Is it fair to say your company is made up of many strong teams consisting of employees who have each other’s backs? If not, it’s time to make some changes.
That’s because organizations can only make it to the next level when employees work hard together and give each other as much support as they possibly can.
Remember, coworkers are the number one thing employees like about their jobs, a fact we uncovered in our previous research. But that doesn’t mean that you can stick two strangers in the same office and expect they’ll get along swimmingly right out of the gate.
It takes time to forge and nurture strong employee relationships. Unfortunately, our2017 Employee Engagement Report revealed that a majority of organizations appear to understate the importance of team building: A mere 24% of today’s professionals feel connected to their peers.
When workers aren’t connected to their peers, how can you expect your team to come up with game-changing ideas? And how can you expect your employees to volunteer to help one another out when it’s needed?
The good news is that by making team-building initiatives a top priority, your organization can help increase the chances your employees develop solid relationships with each other. As a result, employee engagement, morale, and happiness improve — making your team more productive and your bottom line healthier.
The even better news? Team-building activities don’t have to cost anything or take up too much time. And the benefits — better communication, fewer barriers, and more camaraderie — speak for themselves.
The next time you have a Friday afternoon meeting, try incorporating one of these three awesome team-building games.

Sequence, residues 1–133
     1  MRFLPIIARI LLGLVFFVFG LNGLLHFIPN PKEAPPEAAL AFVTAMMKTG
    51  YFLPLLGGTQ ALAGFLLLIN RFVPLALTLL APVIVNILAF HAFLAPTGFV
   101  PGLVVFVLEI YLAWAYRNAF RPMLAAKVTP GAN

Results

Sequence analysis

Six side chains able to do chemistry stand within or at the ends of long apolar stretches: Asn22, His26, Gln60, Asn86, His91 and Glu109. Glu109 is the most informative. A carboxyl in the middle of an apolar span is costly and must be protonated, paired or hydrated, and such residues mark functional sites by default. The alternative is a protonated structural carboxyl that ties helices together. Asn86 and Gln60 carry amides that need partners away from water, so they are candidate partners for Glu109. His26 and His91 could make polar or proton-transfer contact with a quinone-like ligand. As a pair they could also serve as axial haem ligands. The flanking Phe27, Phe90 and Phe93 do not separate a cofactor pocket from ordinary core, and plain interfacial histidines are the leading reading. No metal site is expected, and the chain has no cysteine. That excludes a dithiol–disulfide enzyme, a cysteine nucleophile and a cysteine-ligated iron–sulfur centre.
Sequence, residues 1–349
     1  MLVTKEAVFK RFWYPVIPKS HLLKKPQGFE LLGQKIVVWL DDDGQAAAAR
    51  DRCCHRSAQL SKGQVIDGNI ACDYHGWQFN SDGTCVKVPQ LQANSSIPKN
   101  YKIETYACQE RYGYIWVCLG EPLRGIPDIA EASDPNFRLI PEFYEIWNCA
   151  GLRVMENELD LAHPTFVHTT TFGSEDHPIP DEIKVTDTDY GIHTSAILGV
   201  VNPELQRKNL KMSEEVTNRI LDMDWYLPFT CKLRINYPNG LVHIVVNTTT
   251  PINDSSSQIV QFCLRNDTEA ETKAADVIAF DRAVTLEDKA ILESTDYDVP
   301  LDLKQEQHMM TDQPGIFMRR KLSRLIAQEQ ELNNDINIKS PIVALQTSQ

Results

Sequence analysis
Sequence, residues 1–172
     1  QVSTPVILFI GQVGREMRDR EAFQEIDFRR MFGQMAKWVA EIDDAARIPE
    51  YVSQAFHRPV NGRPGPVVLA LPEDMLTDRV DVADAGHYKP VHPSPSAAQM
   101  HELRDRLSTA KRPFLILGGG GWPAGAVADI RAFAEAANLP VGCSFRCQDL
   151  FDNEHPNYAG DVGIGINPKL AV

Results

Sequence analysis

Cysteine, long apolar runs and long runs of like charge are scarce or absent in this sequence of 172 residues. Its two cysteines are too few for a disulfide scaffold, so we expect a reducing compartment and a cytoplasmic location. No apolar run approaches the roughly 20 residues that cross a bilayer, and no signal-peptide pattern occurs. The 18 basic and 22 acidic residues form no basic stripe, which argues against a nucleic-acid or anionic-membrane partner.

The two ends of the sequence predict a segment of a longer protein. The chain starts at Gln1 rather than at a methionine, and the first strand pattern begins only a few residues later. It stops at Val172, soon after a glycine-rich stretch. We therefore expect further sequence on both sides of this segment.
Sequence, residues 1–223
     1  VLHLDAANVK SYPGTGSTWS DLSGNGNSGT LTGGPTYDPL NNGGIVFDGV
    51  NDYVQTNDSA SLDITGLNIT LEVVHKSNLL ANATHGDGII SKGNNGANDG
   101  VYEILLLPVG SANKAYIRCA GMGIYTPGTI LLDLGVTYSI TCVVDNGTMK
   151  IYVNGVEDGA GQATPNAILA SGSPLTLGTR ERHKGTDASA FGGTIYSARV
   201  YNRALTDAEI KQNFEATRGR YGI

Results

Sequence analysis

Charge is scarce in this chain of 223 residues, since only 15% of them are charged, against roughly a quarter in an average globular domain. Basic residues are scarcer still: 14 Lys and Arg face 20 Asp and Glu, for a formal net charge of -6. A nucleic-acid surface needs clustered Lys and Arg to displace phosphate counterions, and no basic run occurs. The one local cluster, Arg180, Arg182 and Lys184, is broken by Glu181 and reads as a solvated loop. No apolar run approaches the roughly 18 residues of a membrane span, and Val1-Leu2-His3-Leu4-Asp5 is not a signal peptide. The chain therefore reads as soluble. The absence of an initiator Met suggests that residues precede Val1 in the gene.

1. Mine field
Can you navigate a mine field? Not a real one, of course.
This is a great and simple game for smaller teams. Here’s how it works:
- Grab a bunch of colored plastic discs (i.e., “mines”) and lay them down on the floor or the ground in a grid.
- Have one person (usually a manager) determine the successful way to get across the mine field without stepping on an active mine.
- Each member of the team then takes turns trying to navigate the mine field. They can continue moving forward until they step on a “mine.”
- Whenever someone steps on the wrong disc, the judge will notify them that they made the wrong move.
- That person then returns to the end of the line.
- The next person in line makes their own attempt at navigating the mine field, building off the previous’ persons progress (or lack thereof).
- The process is repeated until someone makes it across the mine field successfully.
This game serves as a great team-building experience because each employee is forced to communicate with one another to help figure out the correct path forward.
What better way is there to get your employees to trust one another than by blindfolding them and let them guide each other around?
Snakes is a great game that’s sure to provide lots of laughs. Here’s how to play:
- In a large room or on an open field, break your group into teams of six to eight people.
- Have each team get into single-file lines.